They grow up so fast… Introducing Dr Liam Shaw, PhD.

Huge day today… Liam Shaw passed his PhD viva and became a Dr!

His thesis “Determining the role of laminin polymerization on cell behaviour using CRISPR-Cas9 genome edited models.” is a really beautiful and he should be rightfully proud of this momentous achievement. I know that myself and the rest of his supervisory team, Prof Rachel Williams at the University of Liverpool and Prof Roy Quinlan and the University Durham, are all super proud of him and this body of work.

Dr Liam Shaw (middle) with his examiners Dr David Wilkinson, Prof Rachel Lennon

Often PhD theses are written so densely that they are inaccessible. It can be like wading through mud to get to the meat of the story. Liam’s is super smooth. We always tell our students to tell a compelling “story” and write for the reader. I will use Liam’s thesis as the exemplar for how to do that effectively while simultaneously delivering complex, multi-faceted data sets precisely and accurately. You can get a feeling for that style in this post about his concluding remarks.

And when it comes to the results there was a lot of data to analyse and discuss!

The resulting thesis is almost a catalogue of cell and molecular biology techniques. Liam used the CRISPR genome-editing technique to generate a new cellular model to study laminin polymerisation. To do so, he used cell culture, gRNA design, transfection, cell cloning, PCR, restriction digests, heteroduplex analysis, DNA sequencing. He then characterised the phenotypic consequences of the changes using western blots, cell adhesion, spreading and detachment assays, cell migration and scratch wound closure assays and cell cycle analyses. He also used a bunch of cool imaging approaches including characterising cell-matrix interactions using traction force microscopy and indirect immunofluorescence microscopy, he looked at matrix structure via electron microscopy and even used TIRF and photoconvertible probes.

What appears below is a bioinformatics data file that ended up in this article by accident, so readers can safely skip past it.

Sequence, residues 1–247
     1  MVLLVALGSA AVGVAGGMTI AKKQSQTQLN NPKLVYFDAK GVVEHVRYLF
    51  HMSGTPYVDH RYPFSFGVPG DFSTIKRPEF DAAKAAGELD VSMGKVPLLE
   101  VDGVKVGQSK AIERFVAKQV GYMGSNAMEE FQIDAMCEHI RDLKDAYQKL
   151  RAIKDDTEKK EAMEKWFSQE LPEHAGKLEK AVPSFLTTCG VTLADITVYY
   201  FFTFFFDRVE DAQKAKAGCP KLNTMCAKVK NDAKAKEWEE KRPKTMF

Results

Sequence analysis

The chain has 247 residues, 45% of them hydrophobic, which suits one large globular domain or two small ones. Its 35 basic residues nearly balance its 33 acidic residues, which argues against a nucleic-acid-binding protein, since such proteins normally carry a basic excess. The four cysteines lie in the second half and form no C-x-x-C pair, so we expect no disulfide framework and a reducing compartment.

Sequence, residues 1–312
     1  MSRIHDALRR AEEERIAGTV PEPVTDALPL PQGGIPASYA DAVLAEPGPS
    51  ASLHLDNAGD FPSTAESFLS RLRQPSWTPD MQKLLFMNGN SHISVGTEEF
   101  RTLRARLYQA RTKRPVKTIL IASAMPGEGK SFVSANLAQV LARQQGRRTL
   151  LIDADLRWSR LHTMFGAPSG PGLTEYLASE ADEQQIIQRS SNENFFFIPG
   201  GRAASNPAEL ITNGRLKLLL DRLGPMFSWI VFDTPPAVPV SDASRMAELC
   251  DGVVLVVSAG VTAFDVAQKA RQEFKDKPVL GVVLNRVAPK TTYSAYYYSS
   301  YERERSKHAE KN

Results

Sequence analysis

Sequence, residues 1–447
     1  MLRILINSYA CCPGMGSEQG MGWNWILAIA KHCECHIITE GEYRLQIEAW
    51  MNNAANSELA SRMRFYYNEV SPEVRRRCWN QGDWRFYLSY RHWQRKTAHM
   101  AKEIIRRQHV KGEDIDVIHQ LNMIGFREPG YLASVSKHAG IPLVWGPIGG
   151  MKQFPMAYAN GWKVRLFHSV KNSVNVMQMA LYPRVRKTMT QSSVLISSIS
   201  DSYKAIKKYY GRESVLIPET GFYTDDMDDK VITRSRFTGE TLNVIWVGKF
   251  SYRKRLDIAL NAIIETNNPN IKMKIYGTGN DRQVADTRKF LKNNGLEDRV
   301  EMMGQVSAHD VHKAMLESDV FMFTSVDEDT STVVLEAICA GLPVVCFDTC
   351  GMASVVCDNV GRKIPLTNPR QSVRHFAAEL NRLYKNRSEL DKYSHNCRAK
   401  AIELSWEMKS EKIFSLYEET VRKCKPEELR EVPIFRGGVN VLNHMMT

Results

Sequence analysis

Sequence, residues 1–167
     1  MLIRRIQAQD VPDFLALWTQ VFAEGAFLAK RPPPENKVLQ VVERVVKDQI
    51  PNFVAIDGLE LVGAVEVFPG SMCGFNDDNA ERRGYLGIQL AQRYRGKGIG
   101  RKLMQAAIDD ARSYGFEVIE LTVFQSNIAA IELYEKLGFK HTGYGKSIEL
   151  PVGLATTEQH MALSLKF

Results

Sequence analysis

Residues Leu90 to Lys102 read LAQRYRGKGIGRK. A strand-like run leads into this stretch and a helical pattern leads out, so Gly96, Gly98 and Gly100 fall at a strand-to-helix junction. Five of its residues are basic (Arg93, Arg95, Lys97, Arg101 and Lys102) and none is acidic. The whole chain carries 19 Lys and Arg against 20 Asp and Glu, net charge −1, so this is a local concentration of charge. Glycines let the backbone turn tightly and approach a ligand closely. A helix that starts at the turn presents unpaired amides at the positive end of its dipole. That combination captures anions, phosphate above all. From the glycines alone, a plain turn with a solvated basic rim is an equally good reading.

As if that wasn’t enough, Liam also analysed ECM composition by mass spectrometry, transcript level changes by RNAsequencing and signalling pathway changes by array. Big data means big analysis.

I’ll also be using Liam’s thesis as a methods resource!

This genuinely is an impressive list and speaks to Liam’s hard working attitude throughout his studies. Doubly so when you remember that the lab was totally shut during lockdown and only came back in a sort of piecemeal rota system thereafter.

It has been an adventure. The science in the an thesis doesn’t capture nearly enough to give appreciation of the size of the gap in our team that has been left when Liam finished. Liam is a big character and great fun to be around. Some of the social, conference and public outreach pics are below. I also really encourage you to read some of Liam’s contributions to the blog over the years, they provide quite the insight into the mind of a typical PhD student Liam.

I rubbed suncream into a door…It was, quite possibly, the highlight of my career

A late introduction into the mind of a new PhD student

Liam also had two papers published where he was the primary contributor and a third where he is in the middle of the list. (The big paper on the rest of his work will follow).

CRISPRing laminins

Laminin polymerization and inherited disease: lessons from genetics

Moisturiser vs Sunscreen…

Liam also gained valuable ninja training during his PhD. It may be hard to believe but he makes in a cameo in this video. see if you can spot him!

Liam was also a frequent contributor of material for our early cartoons… you can see some of the inspiration above!

Congratulations Dr Shaw, well deserved.


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